It was Danish mixologist Lars Erik Lyndgaard Schmidt who became intrigued by the Cape quinine wine mentioned in the 1930 publication of The Savoy Cocktail book. A vermouth-style wine-based drink called Caperitif was listed as an ingredient for cocktails such as the Manyann, and the name popped up in other cocktail recipes around the 1920s and 30s, but then the company who made it went bust and Caperitif disappeared into the mists of time. Lyndgaard Schmidt determined to find someone who could help him revive the past.
Enter Adi Badenhorst, stage left, the man Jancis Robinson once described as ‘the Jim Clendenen of the Cape’ – Clendenen the maverick winemaker at Au Bon Climat in California (see here). With unruly hair scraped back in a ponytail and usually in a scruffy t-shirt with some kind of slogan emblazoned on the front, he was one of the Swartland avant-garde picking old-vine Chenin when it wasn’t cool, and making a wine under flor when sherry was a drink that nobody drank.
But he did that years ago and now everyone’s doing it so it was only a matter of time before he started fossicking around for a new crazy thing. The opportunity to concoct a forgotten ingredient that, in its category of vermouth, represented a deeply unfashionable, understandably maligned drink that mixologists had even struck off the recipe of its most iconic cocktail, the martini, was right up the Badenhorst off-piste.
Apart from the cloyingly sweet, industrial and globally available Martini and Cinzano, no one in their right minds was making it in South Africa. But these two forged right ahead with the help of the late Kyle Dunn, and played around with a base wine of Chenin Blanc and local botanicals.
After much Harry-Potter experimentation, they came up with a recipe that takes its key notes from bitter quinchona (aka cinchona bark, from whence comes quinine), fynbos, kalmoes (Acorus calamus, often used as a substitute for cinnamon and nutmeg), grapefruit, rooibos, wilde als (Artemisia afra, or African wormwood, traditionally used for treating malaria and a wild range of ailments) and naartjies (clementines). There are another 28 aromatic ingredients taken from the Cape Floral Region – the smallest and most diverse of the six floral regions in the world. The flavour profile differs a little from batch to batch, depending on the time of year the botanicals are picked. It’s sweetened with grape must and fortified to 17.5%.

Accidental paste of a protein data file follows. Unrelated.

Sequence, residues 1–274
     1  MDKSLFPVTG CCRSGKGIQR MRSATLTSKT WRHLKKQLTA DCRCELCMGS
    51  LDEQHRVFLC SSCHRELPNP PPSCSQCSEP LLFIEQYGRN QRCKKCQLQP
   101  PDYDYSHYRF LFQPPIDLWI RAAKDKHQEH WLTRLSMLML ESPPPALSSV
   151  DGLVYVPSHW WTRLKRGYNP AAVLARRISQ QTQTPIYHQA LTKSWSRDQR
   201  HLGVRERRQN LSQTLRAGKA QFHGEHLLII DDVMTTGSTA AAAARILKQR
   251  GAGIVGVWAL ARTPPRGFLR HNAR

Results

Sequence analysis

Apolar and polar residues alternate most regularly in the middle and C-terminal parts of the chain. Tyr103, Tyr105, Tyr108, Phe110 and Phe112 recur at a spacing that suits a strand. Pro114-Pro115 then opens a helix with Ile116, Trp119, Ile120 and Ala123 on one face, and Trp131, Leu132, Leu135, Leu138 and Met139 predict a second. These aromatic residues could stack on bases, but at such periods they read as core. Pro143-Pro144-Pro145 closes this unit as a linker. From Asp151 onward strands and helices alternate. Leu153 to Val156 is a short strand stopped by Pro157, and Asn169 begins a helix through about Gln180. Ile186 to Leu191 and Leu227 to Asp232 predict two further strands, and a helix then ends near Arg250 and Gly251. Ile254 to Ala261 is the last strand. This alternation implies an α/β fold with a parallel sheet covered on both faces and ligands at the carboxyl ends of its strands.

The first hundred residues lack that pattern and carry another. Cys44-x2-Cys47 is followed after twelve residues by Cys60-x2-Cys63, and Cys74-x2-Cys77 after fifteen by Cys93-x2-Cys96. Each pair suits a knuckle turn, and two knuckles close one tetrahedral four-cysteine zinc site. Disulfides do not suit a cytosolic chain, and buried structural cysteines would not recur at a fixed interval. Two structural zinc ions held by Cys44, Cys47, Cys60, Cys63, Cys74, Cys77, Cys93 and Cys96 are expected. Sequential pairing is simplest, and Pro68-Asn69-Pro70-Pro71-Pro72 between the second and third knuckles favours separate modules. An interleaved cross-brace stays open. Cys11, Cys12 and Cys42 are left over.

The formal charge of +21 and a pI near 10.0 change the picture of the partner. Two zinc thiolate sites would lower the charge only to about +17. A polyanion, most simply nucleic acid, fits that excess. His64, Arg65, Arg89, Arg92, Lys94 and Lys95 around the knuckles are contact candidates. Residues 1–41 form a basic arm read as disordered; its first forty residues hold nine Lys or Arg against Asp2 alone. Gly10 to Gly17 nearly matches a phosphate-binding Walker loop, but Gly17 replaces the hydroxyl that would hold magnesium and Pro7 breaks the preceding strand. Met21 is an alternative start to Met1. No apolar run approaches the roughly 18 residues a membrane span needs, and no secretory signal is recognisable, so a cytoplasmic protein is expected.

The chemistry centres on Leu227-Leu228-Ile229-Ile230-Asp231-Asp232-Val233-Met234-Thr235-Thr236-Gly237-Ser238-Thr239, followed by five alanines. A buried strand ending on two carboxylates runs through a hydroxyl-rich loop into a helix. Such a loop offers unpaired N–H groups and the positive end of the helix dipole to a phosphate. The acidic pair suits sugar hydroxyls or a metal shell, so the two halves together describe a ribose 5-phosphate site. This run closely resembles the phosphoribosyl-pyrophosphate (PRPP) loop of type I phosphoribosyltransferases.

Caperitif is a pale amber-orange wine, cloudy, as if it hasn’t been filtered. It has an incredible nose. Heady. It really does smell of fynbos – if you’ve ever walked along the cliff paths of Hermanus or up Table Mountain and crushed some of those windswept, wiry shrub leaves in your hands, you’ll know that smell that is like pine slept with lavender and bay leaf infused with black pepper. And then you smell mandarin and honey and rooibos tea. It’s sweet (I wondered whether the sugar level could be dialled back a little, perhaps) and deeply pine-scented through the palate, tasting of minty sage leaves and oregano dipped in orange liqueur. There’s a green lick of marijuana leaf, a tiny kick of pepper and something a little chilli hot.
This wonderful ‘tonic wine’ is a kaleidoscope of flavours. It pokes you in the ribs and flicks a middle finger at convention, doing somersaults on a tightrope between gramophone retro and reckless fringe. It’s good straight up on ice, splashed with tonic water, turned long with cold soda water, mixed with gin for an edgy martini cocktail, and makes a much more sophisticated, complex Aperol Spritz than Aperol does. It also makes a damn good negroni. And for anyone who’s looking for something less sweet than port and less alcoholic than cognac to finish the evening, this hits a satisfying middle ground.
With Christmas is coming up, I can’t think of something more fun and interesting to play with, whether you’re northern or southern hemisphere, doing canapes and cocktails, or a fusion-food starter, or finding something to go with Christmas pudding and mince pies. One of the best matches for me was a square of dark chocolate with orange zest. Outside of Christmas, it’s a beautiful match for Cape Malay curry or spiced butternut soup.
Vermouth is probably where gin was 10 years ago – an unloved, misunderstood and out-of-date drink which has been adopted and revived by brave outliers. Winemakers and craft distillers have started concocting these wonderful bittersweet infusions with quirky, modern riffs. The best sommeliers and mixologists have a stash of artisan vermouths behind their bars, and hip wine drinkers already know all about them. The rest of us just have to catch up – and Caperitif is a good place to start.
- Tamlyn Currin has been writing, editing and working behind the scenes for www.JancisRobinson.com for the last 10 years and has WSET Level 4 Diploma in Wines and Spirits. She is Zimbabwean born and bred, but has spent the last 23 years living in the UK.